Calvaire (2004)

Some people would kill for company.
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Calvaire - Some people would kill for company

On the surface, Calvaire (a Belgian film released as The Ordeal in the UK) seems like it should be a fairly straightforward Christmas survival horror. Marc Stevens is a cabaret singer specialising in making old ladies moist to casio keyboard beats. Marc's car breaks down on his way to a performance and he is taken in by a kindly innkeeper who turns out to be a few sandwiches short of a picnic and not so kindly. Soon he realises that the locals aren't going to be much help and he must survive the ordeal using his own wiles to secure an escape. It looks like this could easily be a European Misery with a Straw Dogs ending, and superficially it is, but director Fabrice du Welz takes this uncomplicated concept and weaves a complex tapestry of curious characters, misplaced motivations, surreal symbolism and superfluous suffering. The influences from the horror world are apparent yet not smushed in the face (the most noticeable being a recreation of the dinner scene in Texas Chainsaw Massacre), the clichés seem like intentional shout-outs and the usual drivers that propel this kind of story are replaced with more unconventional ones.

Calvaire is not character heavy and relies on an in depth examination of the relationship between Marc (Laurent Lucas) and Bartel the innkeeper (Jackie Berroyer). Both roles are filled with characters you would not expect to be occupying those particular boots and both are performed convincingly and with passion. Marc is a very neutral character and, although it is obvious that he doesn't deserve to be in the situation that he has ended up in, he doesn't inspire a great deal of sympathy. This is intentional and is an example of the unconventionalism that makes this film stand out. On the other hand, Bartel is the one that pilfers the heart of the viewer despite his obvious mental inconveniences and his ability to inflict afflictions. The other characters, while taking on only brief roles, manage to come across as plausible people despite all serving a similar function. From the aged ladies at the beginning to the misfit villagers in the main bulk of the story, everyone's purpose seems to be to obsess over Marc.

The real reasons for Marc ending up in this bizarre situation are not immediately obvious. Calvaire could easily take the easy route and become a motiveless torture film but thankfully it doesn't. When the realisation hits, the clues from the earlier parts of the film expose themselves for what they were. Bartel was left empty when his wife Gloria, also a singer, left him. As the story progresses it becomes apparent that she drew attentions from all of the inhabitants of the village (which isn't a surprise as it seems that no females live there). Marc leaves a place where the ladies obsess over him and ends up stuck in a place where the men all obsessed over the now absent Gloria. Unfortunately for Marc he fills the void Bartel's wife left and soon the males are fixated with him convinced he is the return of Gloria. Marc's transition to the new Gloria is handled subtly and his new role gradually becomes more apparent as the story progresses. Handling this element this way instigates a slow build up of the creeps and at some point the endearing feelings for the quirky characters change to a feeling of evil and dread.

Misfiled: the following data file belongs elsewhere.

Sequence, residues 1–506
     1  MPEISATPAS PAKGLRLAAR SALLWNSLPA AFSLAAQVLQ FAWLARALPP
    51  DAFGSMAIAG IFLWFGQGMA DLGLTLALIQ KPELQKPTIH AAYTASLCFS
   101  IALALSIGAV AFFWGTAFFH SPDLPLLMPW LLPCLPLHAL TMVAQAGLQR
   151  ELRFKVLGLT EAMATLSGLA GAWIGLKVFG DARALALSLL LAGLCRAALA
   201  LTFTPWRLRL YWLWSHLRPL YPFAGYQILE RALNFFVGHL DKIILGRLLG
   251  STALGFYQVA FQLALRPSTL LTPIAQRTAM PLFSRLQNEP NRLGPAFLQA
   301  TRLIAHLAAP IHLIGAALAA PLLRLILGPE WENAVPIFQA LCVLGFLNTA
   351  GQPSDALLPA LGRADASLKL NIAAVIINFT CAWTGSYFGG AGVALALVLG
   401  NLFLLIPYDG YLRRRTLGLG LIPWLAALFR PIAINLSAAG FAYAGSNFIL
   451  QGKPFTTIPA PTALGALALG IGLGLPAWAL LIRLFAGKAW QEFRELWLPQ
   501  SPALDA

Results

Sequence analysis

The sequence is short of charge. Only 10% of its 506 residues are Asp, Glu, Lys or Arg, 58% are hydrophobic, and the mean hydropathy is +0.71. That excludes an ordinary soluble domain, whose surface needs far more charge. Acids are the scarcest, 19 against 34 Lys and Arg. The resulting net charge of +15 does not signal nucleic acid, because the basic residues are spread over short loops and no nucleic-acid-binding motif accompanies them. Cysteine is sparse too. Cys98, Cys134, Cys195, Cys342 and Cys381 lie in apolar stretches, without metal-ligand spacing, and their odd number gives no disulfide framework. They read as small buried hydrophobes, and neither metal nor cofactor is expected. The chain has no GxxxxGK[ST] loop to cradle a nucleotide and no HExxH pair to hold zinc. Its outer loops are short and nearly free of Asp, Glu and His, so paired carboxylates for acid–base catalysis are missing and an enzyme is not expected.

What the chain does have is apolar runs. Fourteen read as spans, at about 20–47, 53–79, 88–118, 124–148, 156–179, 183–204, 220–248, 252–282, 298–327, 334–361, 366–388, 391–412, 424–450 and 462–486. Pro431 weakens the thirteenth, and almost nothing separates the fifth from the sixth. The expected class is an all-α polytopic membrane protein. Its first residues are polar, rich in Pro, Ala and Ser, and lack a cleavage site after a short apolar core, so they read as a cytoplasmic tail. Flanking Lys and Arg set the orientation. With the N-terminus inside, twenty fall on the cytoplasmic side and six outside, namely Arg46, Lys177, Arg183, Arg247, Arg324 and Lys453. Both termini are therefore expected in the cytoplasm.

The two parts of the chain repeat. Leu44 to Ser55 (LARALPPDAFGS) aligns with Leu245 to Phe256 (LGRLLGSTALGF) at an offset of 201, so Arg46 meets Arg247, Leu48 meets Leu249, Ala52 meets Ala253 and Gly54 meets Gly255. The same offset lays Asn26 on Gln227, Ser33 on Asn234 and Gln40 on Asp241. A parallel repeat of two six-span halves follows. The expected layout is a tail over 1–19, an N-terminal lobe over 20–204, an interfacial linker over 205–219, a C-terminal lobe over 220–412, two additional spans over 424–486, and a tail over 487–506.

It seems every single aspect of Calvaire is done for a reason and these reasons appear at different levels of obvious. For example, the villagers also have an obsession with a cow (both mentally and sexually) who is also a victim of mistaken identity (mistaken for a dog and ultimately the cause of a bloodbath). Another example is that the French word "calvaire" translates to "ordeal", it also has another definition relating to the crucifixion of christ and at one point Marc is nailed to a cross. As the film progresses it subtly increases in surrealism and the scenery takes on a darker tone with red becoming a predominant colour. In one scene a group of children in red coats stare at the proceedings emotionlessly and there is a bizarre dancing scene involving the villagers. The increased absurdity represents the victim's descent into Hell. There are religious tones in this film, they are very underplayed but still present.

The torment increases quite quickly towards the climax (and more quickly towards a villager's climax). Marc's ordeal makes him a victim of various acts of violence and ultimately hillbilly rape. A few times it seems as if his terror may be at an end only to take a turn for the worse, yet all the time there is a twisted sympathy for Bartel.

Calvaire is a film that benefits from multiple viewings. The attention to detail in the making of the film means there is always something else to notice and, as the audience isn't spoon-fed the plot, it is easy to interpret the film differently with each watch. Despite this it maintains a strong and structured story and doesn't need to resort to David Lynch tactics to keep you guessing. As Fabrice du Welz's first significant film he has managed to set the standards extremely high for himself.
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